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Kayla J. Temple, Ph.D.

Drug Discovery Scientist II

B.S. Wheeling Jesuit University, 2007
Chemistry
Ph.D. Purdue University, 2013
Medicinal Chemistry and Molecular Pharmacology

Phone: (615) 322-7415
Fax: (615) 778-1414
Email: kayla.temple@vanderbilt.edu
Location: Cool Springs Innovation Park


Mailing Address:
Vanderbilt University/VCNDD
Cool Springs Innovation Park
393 Nichol Mill Lane, Room 1000
Franklin, TN 37067

Biosketch and Research Interests

Kayla J. Temple is a Drug Discovery Scientist who joined the VCNDD Team in 2016 after completing two years of post-doctoral training under the tutelage of Dr. Craig Lindsley at Vanderbilt University. Kayla’s research interests include medicinal chemistry, organic synthesis, chemical biology, and drug discovery. Her current research efforts are focused on medicinal chemistry and drug discovery for CNS disorders particularly in relation to positive allosteric modulators for muscarinic acetylcholine receptor M4.

Kayla J. Temple earned her B.S. degree in Chemistry at Wheeling Jesuit University in 2007 and went on to earn her Ph.D in Medicinal Chemistry & Molecular Pharmacology at Purdue University in 2013. Kayla obtained her doctoral training under the tutelage of the late Prof. Richard A. Gibbs. The overall goal of her doctoral work was to investigate various prenylated proteins’ roles in the various stages of cancer. Her work focused on the synthesis of unique non-natural isoprenoid analogs of farnesyl- and geranylgeranyl diphosphates, with an emphasis on designing and synthesizing novel chemical tools to be used as proteomic probes.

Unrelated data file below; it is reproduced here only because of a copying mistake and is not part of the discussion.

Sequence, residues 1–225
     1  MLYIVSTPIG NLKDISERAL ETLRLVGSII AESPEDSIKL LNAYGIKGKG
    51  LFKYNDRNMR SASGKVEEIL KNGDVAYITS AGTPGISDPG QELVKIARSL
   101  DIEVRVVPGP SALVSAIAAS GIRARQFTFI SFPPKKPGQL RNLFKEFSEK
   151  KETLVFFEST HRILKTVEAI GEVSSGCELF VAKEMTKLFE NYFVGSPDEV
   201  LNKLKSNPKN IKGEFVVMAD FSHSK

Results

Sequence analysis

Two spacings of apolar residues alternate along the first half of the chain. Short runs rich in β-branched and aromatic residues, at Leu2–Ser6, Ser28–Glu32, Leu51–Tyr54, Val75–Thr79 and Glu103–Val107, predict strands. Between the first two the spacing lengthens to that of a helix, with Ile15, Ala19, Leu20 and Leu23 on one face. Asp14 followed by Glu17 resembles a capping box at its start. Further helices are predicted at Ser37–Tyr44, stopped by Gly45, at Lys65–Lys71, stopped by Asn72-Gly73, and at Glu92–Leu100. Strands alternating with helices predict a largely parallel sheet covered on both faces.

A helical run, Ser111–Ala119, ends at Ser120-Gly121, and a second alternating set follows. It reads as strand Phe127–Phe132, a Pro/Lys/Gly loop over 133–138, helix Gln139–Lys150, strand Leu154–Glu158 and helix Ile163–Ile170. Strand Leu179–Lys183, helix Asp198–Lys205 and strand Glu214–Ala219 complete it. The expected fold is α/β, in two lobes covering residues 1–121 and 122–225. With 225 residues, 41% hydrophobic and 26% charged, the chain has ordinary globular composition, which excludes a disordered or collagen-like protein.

Kayla moved to Vanderbilt in 2014 to pursue her post-doctoral training in the Lindsley Laboratory. Over the next two years, Kayla worked on several projects for which she has published several papers and patents. Her post-doctoral research was focused on the design and synthesis of G protein-coupled receptor (GPCRs) modulators such as protease activated receptor 4 (PAR4), the Gβγ-SNARE (N-ethylmaleimide-sensitive factor attachment protein receptor) complex, Muscarinic acetylcholine receptor M4, and Dopamine receptor D4 as well as of the tyrosine kinase Discoidin domain receptor 1 (DDR1) kinase.

Selected Publications

Duvernay, M.T.; Temple, K.J.; Maeng, J.G.; Blobaum, A.L.; Stauffer, S.R.; Hamm, H.E.; Lindsley, C.W. ‘Contributions of Protease-Activated Receptors PAR1 and PAR4 to Thrombin-Induced GPIIbIIIa Activation In Human Platelets’ Molecular Pharmacology (2017); 91(1): 39-47. {DOI: 10.1124/mol.116.106666; PMID: 27784794}

Temple, K.J.; Duvernay, M.T.; Young, S.E.; Wangdong, W.; Blobaum, A.L.; Stauffer, S.R.; Hamm, H.E.; Lindsley, C.W. ‘Development of a Series of (1-Benzyl-3-(6-methoxypyrimidin-3-yl)-5-(trifluoromethoxy)-1H-indol-2-yl)methanols as Selective Protease Activated Receptor 4 (PAR4) Antagonists with in Vivo Utility and Activity Against γ-Thrombin.’ Journal of Medicinal Chemistry (2016); 59(16): 7690-7695. {DOI: 10.1021/acs.jmedchem.6b00928; PMID: 27482618}

Temple, K.J.; Wright, E.N.; Fierke, C.A.; Gibbs, R.A. ‘Synthesis of Non-Natural Frame-Shifted Isoprenoid Diphosphate Analogues’ Organic Letters (2016); 18(23): 6038-6041. {DOI: 10.1021/acs.orglett.6b02977}